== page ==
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Women decide to go self-employed for a multitude of reasons, but one of the big ones is family. At the end of the day, being self-employed offers you a level of flexibility that full or part-time employment just can't compete with. Rather than having to make childcare fit around rigid working hours, being self-employed means you can fit your work around childcare and, straight away, this makes being a working mum 100 times simpler.
However, there's one place where employed women in the UK get a much better deal than their self-employed counterparts, and that's maternity leave.
Even if your employer only adheres to the most basic minimum requirement for maternity pay, as an employee, you're entitled to six weeks at 90 percent of your average weekly earnings, followed by the remaining 33 weeks at £140.98 or 90 percent of your average weekly earnings, whichever is less. However, if you're a self-employed mum-to-be, the maximum you're entitled to is a flat rate of £140.98 or 90 percent of your average weekly earnings, whichever is less, for 39 weeks.
The thing is, those first six weeks make a difference. If I'd had those first six weeks at 90 percent of my average weekly earnings, I'd have got more than double the flat rate for six weeks. This would have meant I could have saved the "extra" money and given myself an extra six weeks at the end of my maternity leave.
And that's just me. I was actually lucky as I could just about afford to take the full 39 weeks. A lot of self-employed women in the UK have to hurry back to work within the first six weeks of their baby being born, which can have a dreadful impact on their mental and physical wellbeing. I didn't know if I was coming or going for the first 12 or so weeks after Iris was born, so working would have been completely beyond me. So being able to claim that bit of extra would be a massive help and enable women to spend more time with their babies, as well as recovering after pregnancy and childbirth.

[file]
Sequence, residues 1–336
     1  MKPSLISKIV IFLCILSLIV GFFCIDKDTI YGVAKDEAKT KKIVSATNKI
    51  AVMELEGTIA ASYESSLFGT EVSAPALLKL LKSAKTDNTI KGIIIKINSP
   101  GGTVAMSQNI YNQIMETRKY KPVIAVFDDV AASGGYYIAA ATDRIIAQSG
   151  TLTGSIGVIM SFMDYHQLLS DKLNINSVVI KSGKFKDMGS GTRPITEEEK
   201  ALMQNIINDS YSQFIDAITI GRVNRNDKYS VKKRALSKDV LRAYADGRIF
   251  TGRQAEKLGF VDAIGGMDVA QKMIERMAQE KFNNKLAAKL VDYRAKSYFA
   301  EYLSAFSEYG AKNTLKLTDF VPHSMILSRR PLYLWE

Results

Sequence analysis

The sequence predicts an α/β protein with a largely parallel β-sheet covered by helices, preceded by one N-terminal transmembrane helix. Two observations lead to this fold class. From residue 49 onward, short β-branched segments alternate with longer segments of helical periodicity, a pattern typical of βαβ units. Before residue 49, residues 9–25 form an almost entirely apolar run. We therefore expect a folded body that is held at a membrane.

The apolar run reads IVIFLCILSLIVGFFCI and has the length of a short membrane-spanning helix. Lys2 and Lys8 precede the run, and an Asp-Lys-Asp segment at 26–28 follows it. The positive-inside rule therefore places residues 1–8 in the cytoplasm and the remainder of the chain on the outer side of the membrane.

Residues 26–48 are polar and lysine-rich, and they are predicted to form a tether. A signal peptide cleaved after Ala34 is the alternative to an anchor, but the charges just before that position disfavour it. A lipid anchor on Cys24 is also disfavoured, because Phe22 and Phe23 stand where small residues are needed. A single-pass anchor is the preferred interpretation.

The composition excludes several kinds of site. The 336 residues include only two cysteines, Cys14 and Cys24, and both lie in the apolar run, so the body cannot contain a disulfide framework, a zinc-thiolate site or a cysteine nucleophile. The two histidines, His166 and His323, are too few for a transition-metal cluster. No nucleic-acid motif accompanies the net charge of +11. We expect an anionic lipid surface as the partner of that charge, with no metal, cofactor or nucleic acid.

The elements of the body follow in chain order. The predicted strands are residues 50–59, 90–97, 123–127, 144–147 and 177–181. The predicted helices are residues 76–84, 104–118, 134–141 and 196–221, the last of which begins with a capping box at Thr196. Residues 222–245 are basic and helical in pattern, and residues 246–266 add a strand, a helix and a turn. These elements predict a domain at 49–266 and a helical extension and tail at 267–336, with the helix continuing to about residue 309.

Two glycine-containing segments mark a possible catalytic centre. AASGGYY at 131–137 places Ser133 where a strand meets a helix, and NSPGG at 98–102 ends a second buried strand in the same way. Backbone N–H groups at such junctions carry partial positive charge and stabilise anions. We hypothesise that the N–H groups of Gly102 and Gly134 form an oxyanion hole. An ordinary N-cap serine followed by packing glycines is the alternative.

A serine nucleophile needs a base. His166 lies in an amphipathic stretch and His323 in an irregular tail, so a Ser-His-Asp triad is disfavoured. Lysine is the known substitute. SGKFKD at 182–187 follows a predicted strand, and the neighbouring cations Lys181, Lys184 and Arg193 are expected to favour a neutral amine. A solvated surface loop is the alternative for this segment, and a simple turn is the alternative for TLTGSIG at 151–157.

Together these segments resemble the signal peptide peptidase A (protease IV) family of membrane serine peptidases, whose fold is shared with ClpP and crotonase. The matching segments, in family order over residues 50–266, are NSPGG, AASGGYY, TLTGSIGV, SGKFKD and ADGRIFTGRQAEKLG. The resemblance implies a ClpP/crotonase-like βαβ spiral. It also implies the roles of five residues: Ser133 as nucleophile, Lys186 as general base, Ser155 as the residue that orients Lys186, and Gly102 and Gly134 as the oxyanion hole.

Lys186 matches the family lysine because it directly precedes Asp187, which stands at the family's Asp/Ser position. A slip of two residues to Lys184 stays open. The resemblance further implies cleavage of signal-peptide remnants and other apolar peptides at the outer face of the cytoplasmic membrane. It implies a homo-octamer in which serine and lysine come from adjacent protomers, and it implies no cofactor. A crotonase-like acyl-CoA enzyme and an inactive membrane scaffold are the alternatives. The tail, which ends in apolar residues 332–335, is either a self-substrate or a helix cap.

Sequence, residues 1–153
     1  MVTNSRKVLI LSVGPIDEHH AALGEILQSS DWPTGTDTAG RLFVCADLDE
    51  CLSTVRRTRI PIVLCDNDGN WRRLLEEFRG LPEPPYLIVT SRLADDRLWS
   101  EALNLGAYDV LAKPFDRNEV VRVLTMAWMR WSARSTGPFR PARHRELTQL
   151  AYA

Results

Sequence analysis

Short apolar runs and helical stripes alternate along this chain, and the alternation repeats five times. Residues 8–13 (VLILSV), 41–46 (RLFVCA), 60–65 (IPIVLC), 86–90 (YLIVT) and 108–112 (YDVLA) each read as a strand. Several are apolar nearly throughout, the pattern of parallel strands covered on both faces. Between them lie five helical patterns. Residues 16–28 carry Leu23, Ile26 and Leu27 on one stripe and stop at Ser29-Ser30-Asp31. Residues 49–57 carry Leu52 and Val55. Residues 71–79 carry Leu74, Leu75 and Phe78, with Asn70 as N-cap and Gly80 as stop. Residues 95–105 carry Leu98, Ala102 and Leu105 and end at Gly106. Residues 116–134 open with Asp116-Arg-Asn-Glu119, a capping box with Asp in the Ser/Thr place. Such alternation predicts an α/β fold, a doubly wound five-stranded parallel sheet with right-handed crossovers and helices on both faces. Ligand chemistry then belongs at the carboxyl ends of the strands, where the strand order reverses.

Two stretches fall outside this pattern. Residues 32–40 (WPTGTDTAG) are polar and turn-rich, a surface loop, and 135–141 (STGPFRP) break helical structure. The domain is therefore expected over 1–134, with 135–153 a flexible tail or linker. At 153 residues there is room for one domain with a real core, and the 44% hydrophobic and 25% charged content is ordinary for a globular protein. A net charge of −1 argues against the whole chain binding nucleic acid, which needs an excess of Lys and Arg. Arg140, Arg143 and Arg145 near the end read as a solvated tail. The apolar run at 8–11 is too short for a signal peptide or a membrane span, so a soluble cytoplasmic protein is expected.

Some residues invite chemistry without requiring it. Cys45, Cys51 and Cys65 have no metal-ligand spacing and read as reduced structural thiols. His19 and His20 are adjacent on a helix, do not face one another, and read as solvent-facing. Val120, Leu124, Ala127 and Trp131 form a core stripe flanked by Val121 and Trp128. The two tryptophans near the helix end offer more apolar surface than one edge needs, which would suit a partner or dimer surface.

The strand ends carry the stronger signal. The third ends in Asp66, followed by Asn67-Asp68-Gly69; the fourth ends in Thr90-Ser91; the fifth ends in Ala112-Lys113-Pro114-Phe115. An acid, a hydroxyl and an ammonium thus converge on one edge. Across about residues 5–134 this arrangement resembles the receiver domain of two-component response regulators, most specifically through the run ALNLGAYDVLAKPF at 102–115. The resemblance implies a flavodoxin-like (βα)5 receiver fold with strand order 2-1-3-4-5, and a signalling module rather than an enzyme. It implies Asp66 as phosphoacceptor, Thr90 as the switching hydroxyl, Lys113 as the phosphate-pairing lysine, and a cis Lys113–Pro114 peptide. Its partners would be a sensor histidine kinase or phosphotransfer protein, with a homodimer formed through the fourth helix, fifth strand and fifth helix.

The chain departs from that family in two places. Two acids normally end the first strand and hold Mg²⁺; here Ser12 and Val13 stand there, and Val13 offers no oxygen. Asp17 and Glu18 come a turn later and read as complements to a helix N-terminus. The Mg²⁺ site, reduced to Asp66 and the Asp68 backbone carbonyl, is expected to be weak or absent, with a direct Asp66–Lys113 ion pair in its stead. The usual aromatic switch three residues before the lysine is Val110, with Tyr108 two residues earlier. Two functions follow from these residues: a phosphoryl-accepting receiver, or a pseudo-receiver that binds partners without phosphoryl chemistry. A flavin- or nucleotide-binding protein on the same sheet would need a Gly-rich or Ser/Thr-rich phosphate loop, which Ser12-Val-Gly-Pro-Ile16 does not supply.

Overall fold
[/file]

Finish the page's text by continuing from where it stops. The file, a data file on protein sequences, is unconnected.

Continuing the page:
So, what are the knock-on effects of the crap maternity allowance and having to return to work too early?
Well, I can only speak for myself here, but I spent the first week back in work crying my eyes out. I wasn't ready to work, I wasn't ready to be more than just "Mummy", and I certainly wasn't ready to leave my nine-month-old with strangers.
Now, I got away with this because I was working from home. I was able to let it all out because no one could see. But imagine if you worked from an office. Chances are, you'd feel as if you needed to bottle it all up so as not to make anyone feel uncomfortable. That's not exactly great for your mental health either, is it?
As the weeks have gone on since returning to work, it has started to get easier. Iris is settled at nursery and I'm finding putting one foot in front of the other at work is doable too. But, truth be told, if I could afford to, I'd still be off and having more time with my little girl.
And I'm sure that's how a lot of other self-employed mums feel too.